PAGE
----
Tag: parents

Remain conscious of your BUT

I vividly recall my session. It was day 3 after I found my new counselor. The person I had looked for when I began calling a list of individual & family therapists who would meet my standards was exciting, overwhelming, scary, promising, yet fearful.

Fear_Male

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She knew I’d be a handful when I initially called her, outlining exactly what I needed for my emotional-mental therapy! “Are you African American; are you older than 50 and are you credentialed in family therapy?” were the questions asked of her. “Yes, I am, but why?” I continued to explain that my personal issues directly stem from systemic patterns in the black community that negatively impacts relationships I have with loved ones, inadvertently affecting friendships.

I had reached a point of lethargy! The intersection of what to do + where to go was too confusing for me to navigate. After all these years I had finally run out of tools and resources on this solo ride to self-healing. A plateau. I needed professional, clinical intervention but not at the hands of a novice.

Mental Health Therapy

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She needed to know the depth of my hurt and wounds without being coached. I had to have someone who could not only relate, but look me eye-to-eye and break through my guarded heart and passive-agressive assertions to see my bullshit. This professional had to also be a ‘she’ because I know that effective empathy + combined wit + careful delivery would give me a safe space to talk. This was vitally important because I am particularly known to shut off emotions and recoil when I feel attacked – a place where only my dad understands.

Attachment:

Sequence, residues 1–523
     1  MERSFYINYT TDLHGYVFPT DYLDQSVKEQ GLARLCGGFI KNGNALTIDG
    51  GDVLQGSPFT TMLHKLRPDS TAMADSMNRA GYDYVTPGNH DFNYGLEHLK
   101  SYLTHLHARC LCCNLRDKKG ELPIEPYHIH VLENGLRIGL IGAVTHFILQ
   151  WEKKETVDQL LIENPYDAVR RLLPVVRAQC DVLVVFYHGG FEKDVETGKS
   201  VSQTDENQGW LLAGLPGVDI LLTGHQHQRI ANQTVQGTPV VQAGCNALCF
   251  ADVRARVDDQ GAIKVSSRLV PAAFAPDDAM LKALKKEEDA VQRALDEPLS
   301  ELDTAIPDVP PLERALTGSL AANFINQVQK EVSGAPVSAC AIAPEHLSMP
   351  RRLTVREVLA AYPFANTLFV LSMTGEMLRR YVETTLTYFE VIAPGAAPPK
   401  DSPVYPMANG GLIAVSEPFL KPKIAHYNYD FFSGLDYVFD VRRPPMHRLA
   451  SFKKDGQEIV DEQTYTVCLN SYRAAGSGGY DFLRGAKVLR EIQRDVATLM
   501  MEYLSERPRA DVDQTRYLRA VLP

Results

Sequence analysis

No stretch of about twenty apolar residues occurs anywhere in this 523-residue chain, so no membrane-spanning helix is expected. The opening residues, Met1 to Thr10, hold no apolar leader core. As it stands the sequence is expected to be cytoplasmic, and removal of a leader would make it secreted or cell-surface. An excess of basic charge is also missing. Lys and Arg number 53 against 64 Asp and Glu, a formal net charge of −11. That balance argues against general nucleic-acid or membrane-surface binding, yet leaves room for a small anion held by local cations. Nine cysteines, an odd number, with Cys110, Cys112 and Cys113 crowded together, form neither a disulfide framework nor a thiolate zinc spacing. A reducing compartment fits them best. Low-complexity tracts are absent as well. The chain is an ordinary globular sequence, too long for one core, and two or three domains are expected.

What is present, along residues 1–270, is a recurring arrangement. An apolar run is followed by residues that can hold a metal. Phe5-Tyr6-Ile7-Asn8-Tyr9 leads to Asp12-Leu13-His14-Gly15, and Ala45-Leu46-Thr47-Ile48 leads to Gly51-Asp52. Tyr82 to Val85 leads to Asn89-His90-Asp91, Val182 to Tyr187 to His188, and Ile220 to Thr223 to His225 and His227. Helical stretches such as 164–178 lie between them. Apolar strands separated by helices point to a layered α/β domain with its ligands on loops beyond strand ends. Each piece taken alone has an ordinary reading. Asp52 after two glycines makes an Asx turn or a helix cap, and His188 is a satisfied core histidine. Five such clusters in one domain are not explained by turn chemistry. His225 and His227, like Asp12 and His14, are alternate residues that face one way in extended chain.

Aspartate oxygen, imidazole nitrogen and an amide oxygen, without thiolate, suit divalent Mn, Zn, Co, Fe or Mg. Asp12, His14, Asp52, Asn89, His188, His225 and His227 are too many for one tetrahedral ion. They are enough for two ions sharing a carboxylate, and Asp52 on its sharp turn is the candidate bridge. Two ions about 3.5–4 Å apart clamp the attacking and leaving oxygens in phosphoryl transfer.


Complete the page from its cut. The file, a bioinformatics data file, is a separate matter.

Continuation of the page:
“At the time, it seemed clear to me that any between-sex differences in thinking abilities were due to socialization practices, artifacts and mistakes in the research, and bias and prejudice. … After reviewing a pile of journal articles that stood several feet high and numerous books and book chapters that dwarfed the stack of journal articles … I changed my mind.”   Diane Halpern, PhD